|System: X360, PC||Review Rating Legend|
|Dev: EA LA||1.0 - 1.9 = Avoid||4.0 - 4.4 = Great|
|Pub: Electronic Arts||2.0 - 2.4 = Poor||4.5 - 4.9 = Must Buy|
|Release: Nov. 11, 2008||2.5 - 2.9 = Average||5.0 = The Best|
|Players: 1-2||3.0 - 3.4 = Fair|
|ESRB Rating: Teen||3.5 - 3.9 = Good|
by Robert VerBruggen
On computer platforms, real-time strategy games have been around for ages with a lot of success, so it's no surprise some developers are trying to bring the genre to consoles. Unfortunately, they're facing a lot of problems.
One is that most current RTS fans play on computers, so console developers have to make games accessible to beginners; this is hard in a style of game that has become ridiculously complicated over the years. Another is that it's impossible to give all the functions of computer RTSs their own buttons on a console controller, so developers have to come up with unusual schemes (such as making players hold down some buttons while pushing others, or hold down a button to bring up a list of options). Finally, there's the main challenge all game-makers cope with: making a title that's just plain good.
Given the spectacular failures of many console RTS (see, for example, our review of Warhammer: Battle March), two out of three ain't bad, and that's the score the console port of Command & Conquer: Red Alert 3 earns. The game gets half a point for accessibility to genre newcomers, a full point for making a whole lot of maneuvers very easy to find and execute, and half a point for overall quality.
The moment you slap the disc in, a terrific-looking live-action cutscene featuring some big-name actors begins. The story is that Soviet time-travelers stop Albert Einstein from helping the Allies win World War II, and when they return to the future, the Allies, Soviet Union, and Japan (err "The Empire of the Rising Sun") are fighting on an equal playing field.
It's hard to tell quite what they were going for with this and the other cutscenes (some of which are animated in part, but no less visually impressive). The dialogue is so bad, and the acting so over-performed it can be difficult to believe. Thankfully given the professional acting talent EA hired, one can manage to swallow the intentional antics. Still, it all ends up looking like a mess. It's as if the actors are not quite sure why they're standing around, wearing funny outfits, and reciting corny lines.
Also, to this day it's hard to see Tim Curry (who plays the Russian premier) without thinking back to him wearing lipstick in The Rocky Horror Picture Show, sashaying around and singing, "I'm just a sweet transvestite from transsexual Transylvania!" It's odd, to say the least, watching him in a macho military outfit, speaking in a Russian accent. George Takei (Mr. Sulu from Star Trek) also appears, though he manages to seem less out of place. There's also a collection of attractive women in military roles, one played by Jenny McCarthy, and for some reason they all feel the need to display their cleavage. Go figure.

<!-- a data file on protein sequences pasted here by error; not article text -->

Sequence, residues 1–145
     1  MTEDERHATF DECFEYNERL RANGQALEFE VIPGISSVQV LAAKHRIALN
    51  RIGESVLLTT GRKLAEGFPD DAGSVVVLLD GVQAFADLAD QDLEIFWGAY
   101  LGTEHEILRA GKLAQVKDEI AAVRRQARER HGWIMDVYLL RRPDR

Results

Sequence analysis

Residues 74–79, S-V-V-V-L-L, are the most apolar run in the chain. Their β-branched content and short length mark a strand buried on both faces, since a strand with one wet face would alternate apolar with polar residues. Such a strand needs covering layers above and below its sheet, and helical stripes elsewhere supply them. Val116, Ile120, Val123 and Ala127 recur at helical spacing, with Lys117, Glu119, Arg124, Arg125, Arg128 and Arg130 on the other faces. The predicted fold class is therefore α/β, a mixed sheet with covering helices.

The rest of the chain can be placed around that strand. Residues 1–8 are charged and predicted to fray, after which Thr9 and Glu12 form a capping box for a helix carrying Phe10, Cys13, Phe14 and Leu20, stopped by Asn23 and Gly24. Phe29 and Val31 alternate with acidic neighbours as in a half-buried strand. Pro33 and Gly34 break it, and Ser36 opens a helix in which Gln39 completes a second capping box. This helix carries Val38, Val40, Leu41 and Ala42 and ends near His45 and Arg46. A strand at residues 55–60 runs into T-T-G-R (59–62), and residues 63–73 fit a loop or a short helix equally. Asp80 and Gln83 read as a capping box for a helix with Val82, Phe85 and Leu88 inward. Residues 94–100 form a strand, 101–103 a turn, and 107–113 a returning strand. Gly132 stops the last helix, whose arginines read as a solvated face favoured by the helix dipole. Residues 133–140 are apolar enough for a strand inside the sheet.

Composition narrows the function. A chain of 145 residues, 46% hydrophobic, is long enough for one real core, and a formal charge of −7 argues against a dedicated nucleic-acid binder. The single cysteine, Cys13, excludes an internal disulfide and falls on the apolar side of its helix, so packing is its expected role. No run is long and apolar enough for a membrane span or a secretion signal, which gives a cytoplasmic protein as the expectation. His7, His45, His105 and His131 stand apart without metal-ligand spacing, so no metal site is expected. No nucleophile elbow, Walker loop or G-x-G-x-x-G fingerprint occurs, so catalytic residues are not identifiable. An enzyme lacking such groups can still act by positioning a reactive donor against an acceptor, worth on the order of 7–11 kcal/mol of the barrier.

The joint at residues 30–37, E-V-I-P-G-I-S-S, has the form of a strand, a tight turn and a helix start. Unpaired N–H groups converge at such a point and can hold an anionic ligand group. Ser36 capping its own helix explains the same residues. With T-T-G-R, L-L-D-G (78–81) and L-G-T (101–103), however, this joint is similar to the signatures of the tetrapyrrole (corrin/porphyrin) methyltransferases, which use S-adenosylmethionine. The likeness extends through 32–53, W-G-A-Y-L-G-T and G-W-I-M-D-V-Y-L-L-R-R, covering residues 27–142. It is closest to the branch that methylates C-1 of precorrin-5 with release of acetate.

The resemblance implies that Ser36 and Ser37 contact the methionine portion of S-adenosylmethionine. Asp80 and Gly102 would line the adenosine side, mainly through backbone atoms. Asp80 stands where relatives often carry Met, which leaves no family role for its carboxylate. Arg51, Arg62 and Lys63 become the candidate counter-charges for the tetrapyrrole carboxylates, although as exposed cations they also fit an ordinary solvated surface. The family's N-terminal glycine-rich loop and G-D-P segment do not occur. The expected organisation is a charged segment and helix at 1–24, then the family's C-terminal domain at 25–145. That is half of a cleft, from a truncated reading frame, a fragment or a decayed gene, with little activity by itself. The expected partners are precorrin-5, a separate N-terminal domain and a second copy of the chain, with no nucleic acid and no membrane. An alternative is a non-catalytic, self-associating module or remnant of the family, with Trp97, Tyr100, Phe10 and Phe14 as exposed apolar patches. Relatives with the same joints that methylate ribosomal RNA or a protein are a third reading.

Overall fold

From there, most console players will head over to the tutorial, which they will discover (to their dismay) comprises six parts and lasts more than an hour. Three tanks, one representing each the Allies, Soviet Union, and Rising Sun, teach you through cheesy dialogue how to do everything the game requires. Often, one tank will make a bad joke at another's expense, and the offended tank will shoot him. It's not funny the first time, and it happens, oh, about a thousand times.
During the tutorial, it's striking both how easy it is to find everything and how complicated the game is. You'll get a variety of units (fighters, boot camps that create fighters, power plants, etc.), and you can select any unit by clicking it with the A button. Holding down the R button brings up a huge radial stocked with the unit's various options, and the only shortcut is to hold the right bumper and hit X (this executes the unit's special ability). The L button brings up radar, helping you jump around the battlefield, and the right joystick zooms in and out (though it doesn't zoom out nearly as far as it should, forcing you to use the radar whenever you want to see the big picture). There are no "hold this button, then hold that button, then push this other button three times" gymnastics here, and that's to the game's eternal credit.